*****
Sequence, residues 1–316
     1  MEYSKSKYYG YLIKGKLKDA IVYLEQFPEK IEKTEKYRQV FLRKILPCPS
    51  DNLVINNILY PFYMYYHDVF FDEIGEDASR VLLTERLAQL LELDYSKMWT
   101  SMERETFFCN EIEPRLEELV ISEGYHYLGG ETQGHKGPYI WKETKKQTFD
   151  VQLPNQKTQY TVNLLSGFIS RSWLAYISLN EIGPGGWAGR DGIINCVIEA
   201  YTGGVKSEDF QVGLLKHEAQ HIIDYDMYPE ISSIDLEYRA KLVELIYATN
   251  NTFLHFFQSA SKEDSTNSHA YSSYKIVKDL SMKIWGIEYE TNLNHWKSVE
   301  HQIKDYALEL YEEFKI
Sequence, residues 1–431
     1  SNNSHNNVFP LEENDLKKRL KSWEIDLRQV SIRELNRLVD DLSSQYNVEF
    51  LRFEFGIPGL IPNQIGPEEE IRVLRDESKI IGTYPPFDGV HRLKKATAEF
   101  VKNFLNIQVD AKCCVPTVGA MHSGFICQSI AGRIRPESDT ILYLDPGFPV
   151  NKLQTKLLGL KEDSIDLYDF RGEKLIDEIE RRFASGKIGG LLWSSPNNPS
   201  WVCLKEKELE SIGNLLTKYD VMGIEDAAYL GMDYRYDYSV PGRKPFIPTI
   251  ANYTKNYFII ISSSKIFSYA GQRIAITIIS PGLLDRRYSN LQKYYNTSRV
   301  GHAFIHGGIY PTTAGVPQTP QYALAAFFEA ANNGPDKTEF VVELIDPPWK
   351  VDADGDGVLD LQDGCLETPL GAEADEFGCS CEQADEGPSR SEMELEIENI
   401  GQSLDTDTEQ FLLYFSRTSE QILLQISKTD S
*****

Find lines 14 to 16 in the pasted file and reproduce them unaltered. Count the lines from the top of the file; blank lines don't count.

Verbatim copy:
   201  WVCLKEKELE SIGNLLTKYD VMGIEDAAYL GMDYRYDYSV PGRKPFIPTI
   251  ANYTKNYFII ISSSKIFSYA GQRIAITIIS PGLLDRRYSN LQKYYNTSRV
   301  GHAFIHGGIY PTTAGVPQTP QYALAAFFEA ANNGPDKTEF VVELIDPPWK